Thursday, October 27, 2011

Three Similarities and a Difference

Purpose: This activity gives students speaking and listening practice, as well as allowing them to discover their commonalities and unique qualities. Since some students may be uncomfortable telling falsehoods, something that is required if you play Three Truths and a False, why not try this variation?

Prep Time: For intermediate level and up, little prep is required. For beginning level, you’ll need 5-10 minutes to create a short list of questions.

Materials: paper and pencil or pen; beginning level questions

Prep: Think about how you want to explain or model the activity. Decide if you want students to focus on a specific theme, like jobs, or if any theme is okay. The first time around, the theme will be the learners themselves. For beginning students, write out 6 questions that they can ask their partners so they can more quickly find similarities without getting bogged down by the language practice. For example:

What is your favorite color?

What is your favorite food?

Do you have children?

How do you come to school every day?

How many languages do you speak?

Do you have a job?

Where are you from?

Where do you live?

Practice the questions together before continuing.


I do it/creating context:

1. Pre-teach or review the words similarity and difference (or same and different for beginners).

2. Provide examples and elicit examples from students.

We do it:

1. Choose several examples to do as a group. For example, how are a car and a plane similar? What is one difference? How is working in a restaurant like working in a hospital? Find three similarities. How is it different?

2. Ask a student to partner with you and do the activity again, this time looking for your own commonalities and unique qualities.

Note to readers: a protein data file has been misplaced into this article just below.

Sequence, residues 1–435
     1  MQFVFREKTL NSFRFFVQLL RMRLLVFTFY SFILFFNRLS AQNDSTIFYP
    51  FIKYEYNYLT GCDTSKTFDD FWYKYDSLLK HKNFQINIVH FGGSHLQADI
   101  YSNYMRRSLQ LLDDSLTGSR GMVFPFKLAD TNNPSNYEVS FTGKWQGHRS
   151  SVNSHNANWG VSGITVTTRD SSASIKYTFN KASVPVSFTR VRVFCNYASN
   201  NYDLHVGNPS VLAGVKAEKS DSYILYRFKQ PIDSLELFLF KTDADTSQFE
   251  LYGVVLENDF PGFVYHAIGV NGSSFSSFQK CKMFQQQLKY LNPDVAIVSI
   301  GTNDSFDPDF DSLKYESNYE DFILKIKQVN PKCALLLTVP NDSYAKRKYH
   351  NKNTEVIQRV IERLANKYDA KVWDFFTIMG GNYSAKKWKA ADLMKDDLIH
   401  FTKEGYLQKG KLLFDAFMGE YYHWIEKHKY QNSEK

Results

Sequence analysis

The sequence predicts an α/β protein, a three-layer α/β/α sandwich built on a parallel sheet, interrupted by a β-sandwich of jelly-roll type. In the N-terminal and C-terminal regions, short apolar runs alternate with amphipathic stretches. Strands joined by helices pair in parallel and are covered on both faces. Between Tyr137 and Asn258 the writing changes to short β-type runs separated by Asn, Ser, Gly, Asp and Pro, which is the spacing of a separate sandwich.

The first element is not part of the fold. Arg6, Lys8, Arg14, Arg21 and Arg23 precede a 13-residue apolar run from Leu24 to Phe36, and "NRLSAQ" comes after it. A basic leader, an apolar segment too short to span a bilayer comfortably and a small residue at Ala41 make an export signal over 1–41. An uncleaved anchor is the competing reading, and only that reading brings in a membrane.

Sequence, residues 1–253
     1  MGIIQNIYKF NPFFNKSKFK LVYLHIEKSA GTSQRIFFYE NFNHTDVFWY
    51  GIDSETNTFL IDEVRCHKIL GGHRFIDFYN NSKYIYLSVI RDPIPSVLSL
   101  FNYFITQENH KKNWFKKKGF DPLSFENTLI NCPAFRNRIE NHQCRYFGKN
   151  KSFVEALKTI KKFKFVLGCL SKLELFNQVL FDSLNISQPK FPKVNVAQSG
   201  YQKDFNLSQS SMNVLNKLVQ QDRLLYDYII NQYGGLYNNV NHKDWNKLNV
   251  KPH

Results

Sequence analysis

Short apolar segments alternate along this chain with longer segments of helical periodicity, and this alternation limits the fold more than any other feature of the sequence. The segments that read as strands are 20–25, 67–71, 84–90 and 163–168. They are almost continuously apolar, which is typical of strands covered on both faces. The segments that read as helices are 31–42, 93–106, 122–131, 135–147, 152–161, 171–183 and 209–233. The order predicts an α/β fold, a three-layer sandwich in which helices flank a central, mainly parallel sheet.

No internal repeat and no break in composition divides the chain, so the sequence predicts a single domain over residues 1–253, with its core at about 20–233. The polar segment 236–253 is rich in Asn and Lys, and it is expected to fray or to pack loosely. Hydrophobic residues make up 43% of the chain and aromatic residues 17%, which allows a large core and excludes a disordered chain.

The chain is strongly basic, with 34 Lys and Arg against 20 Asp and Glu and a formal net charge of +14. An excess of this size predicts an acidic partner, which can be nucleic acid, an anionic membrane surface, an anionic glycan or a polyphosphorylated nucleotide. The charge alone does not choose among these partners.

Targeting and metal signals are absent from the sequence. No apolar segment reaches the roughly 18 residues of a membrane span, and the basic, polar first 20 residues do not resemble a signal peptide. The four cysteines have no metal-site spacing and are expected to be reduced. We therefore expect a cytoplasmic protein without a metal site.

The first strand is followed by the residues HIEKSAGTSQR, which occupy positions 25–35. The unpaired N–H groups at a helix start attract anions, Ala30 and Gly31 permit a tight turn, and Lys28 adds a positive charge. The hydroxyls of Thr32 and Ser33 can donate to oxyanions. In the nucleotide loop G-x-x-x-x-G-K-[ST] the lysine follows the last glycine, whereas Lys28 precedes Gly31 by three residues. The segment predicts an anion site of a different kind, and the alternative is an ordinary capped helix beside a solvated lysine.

You do it:

1. Students choose partners and do the activity. Encourage them to work with someone who speaks a different first language.

2. Repeat the activity several times, so students have the opportunity to interact with more than one classmate.

3. Ask students to report what they’ve learned about each other.

Adaptations: For beginning literacy level, try giving partners two pictures which are similar, but have some differences. Pre-teach or review “same” and “different”. Plan on providing lots of examples of “same” and “different”, using objects. Now look at a picture together. Model how to circle things that are the same and put an “X” on things that are different. You may need to demonstrate with several pictures before asking students to work on their own. Make sure the pictures are very basic.

Alternatively, use objects. Ask learners to sort or categorize objects based on what they have in common. One object should not “fit”. For example, place three objects of the same color or shape in front of the students, along with one that is a different color or shape. Model the activity, using few words, moving the items around, and separating the items that are the same from the one that is different.

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